One upon a time there was Gosplan, otherwise knows as the State Planning Agency. Located near the Kremlin, Gosplan was charged with planning the entire economy during Soviet times. Plants were built, roads laid, power grids set up -- and an entire economy designed around a vast array of mathematical input-output tables. Costs, resource constraints and potential damage to the environment were irrelevant. All that mattered were political goals such as opening "virgin lands" to agriculture, increasing cotton production in Uzbekistan, mining raw materials in Siberia, or increasing car production, no matter how awful the auto was. Consumers were completely unimportant. The result was a country full of industries that wasted raw materials and made goods no one wanted to buy. As a result, the USSR was filled with value-subtracting firms whose end products were sometimes worth less than the things used to make them. The results could get pretty weird Sometimes, cheap bread was fed to livestock because it cost less than the grain used to make it. Producers had no incentive to conserve inputs or improve technology.
Under Gosplan, resource prices and costs meant nothing, resulting in an economic system firmly divorced from reality. In the sane world, factories were built to make money and were located with access to raw materials, markets, capital and labor. Under the planning system, none of this mattered. Car factories were built in places with no roads, mines were dug in places with no labor, and energy intensive industries were built in the arctic. The use of resources was irrelevant. To solve these problems, people were shipped to the north, energy was supplied free, and no one counted costs. Only output counted. Other resources were dumped down the rat hole of military spending.
As system ground on through the 60s, 70s and 80s, it bled resources ever faster, making it increasingly unsustainable over the long run. Eventually, the system got so rotten that it could no longer continue supporting even the average Russian's austere standard of living. Fear of long-term disintegration is what triggered Gorbachev's attempts at perestroika. Unfortunately for him, the system was so weak that repairing it was impossible. When it opened up, it simply fell apart.
Located near the Kremlin, the planning agency building did a lot better than Gosplan itself, which was abolished in 1991. In 1993, the Duma (Russian Parliament) was relocated here after being shelled at its first location in the Russian White House. Yeltsin probably moved the Duma nearer to the Kremlin to better keep an eye on it.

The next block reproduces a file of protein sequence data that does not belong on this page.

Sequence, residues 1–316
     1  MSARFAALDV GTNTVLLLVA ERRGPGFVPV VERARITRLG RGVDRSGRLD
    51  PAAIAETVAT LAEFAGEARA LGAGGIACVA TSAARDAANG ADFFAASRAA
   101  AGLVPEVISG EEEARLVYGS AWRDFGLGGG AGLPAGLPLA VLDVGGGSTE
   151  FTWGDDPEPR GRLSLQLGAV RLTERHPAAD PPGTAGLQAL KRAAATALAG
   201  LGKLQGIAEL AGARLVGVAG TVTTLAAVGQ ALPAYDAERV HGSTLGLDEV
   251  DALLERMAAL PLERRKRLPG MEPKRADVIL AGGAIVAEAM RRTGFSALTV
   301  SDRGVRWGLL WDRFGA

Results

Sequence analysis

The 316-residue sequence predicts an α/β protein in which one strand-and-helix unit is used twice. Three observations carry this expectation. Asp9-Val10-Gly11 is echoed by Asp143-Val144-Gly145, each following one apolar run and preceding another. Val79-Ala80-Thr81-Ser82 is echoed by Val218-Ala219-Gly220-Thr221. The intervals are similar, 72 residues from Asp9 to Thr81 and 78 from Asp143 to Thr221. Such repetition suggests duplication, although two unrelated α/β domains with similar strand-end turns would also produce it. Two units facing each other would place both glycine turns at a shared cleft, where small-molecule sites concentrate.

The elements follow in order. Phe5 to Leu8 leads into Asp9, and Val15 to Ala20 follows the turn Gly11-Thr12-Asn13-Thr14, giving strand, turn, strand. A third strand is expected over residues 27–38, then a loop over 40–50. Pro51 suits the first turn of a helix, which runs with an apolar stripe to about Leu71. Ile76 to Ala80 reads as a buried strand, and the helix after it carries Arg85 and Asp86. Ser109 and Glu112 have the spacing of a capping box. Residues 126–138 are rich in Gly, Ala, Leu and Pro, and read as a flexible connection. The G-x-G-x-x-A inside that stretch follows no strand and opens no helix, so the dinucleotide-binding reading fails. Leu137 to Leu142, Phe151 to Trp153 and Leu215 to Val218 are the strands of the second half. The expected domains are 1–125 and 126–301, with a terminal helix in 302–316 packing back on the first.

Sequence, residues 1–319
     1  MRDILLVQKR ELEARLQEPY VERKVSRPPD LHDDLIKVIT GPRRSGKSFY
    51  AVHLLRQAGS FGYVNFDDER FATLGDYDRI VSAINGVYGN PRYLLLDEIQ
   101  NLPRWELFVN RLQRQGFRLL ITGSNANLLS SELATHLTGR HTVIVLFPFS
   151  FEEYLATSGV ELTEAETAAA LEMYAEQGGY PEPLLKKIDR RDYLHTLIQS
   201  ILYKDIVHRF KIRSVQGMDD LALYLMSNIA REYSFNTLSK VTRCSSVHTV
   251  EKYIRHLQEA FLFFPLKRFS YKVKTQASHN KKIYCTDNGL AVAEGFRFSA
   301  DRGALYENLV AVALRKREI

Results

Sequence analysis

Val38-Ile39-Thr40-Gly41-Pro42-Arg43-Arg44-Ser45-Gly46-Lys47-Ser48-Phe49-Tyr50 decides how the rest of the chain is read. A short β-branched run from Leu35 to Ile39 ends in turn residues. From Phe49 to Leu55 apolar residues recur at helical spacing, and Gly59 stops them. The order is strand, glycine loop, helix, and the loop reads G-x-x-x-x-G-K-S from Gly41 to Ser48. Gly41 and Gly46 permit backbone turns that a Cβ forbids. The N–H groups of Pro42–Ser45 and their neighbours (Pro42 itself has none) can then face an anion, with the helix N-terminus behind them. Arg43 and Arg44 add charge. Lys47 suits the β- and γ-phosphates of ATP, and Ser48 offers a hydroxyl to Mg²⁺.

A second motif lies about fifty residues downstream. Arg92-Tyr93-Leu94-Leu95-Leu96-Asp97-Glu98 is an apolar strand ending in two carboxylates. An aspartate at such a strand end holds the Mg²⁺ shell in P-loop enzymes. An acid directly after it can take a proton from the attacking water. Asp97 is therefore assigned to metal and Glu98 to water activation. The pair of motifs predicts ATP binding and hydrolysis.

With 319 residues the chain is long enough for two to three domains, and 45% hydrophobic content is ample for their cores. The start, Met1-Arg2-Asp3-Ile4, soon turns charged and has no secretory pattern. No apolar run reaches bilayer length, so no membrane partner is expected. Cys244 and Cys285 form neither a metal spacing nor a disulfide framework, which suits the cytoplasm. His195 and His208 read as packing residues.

The Duma was quite nice inside. Former Gosplanners told me that they did a very good job renovating the building, which contained both the Duma chamber and cramped member offices. It had new elevators and a big Russian eagle over the sweeping red carpeted stairs near the entrance. The cramped offices have little card keys, like the type they use in fancy hotels. I thought Duma Deputies, like US Congressmen, would have larger offices. At least the views of the Kremlin were nice. The interior had nicely renovated hallways, fully stocked gift shops (I looked in vain for some Duma T-shirts or pen sets) and a very inexpensive "special" cafeteria.
These "special" or "spets" facilities also included motor pools, clinics and schools, were relics of Soviet times where the nomenklatura (party elite) had access to much better goods and services than the general population. In those days, only the nomenklatura had right to hold hard currency (i.e. real money), to travel and use these special facilities. The fall of Communism severely dented the system and opened things up. After the Soviet Union, access to some spets facilities was opened to those with money.
When I visited the Duma for a meeting, the notice of my arrival went to the wrong entrance. Even though our well-connected contacts tried to bring us in, the guards were adamant: We were forbidden to enter. The only way in was walk 15 minutes outside around the building to another entrance. Bureaucracy conquered all. We also needed permission to LEAVE. I wondered what might happen if someone lost his documents. Would he need to set up house-keeping in the Duma? Either way, the building that Gosplan built was just as remote as ever from the people.
Note: This is only a partial excerpt of the book, which is available on request. I will be adding photos to this page in the near future.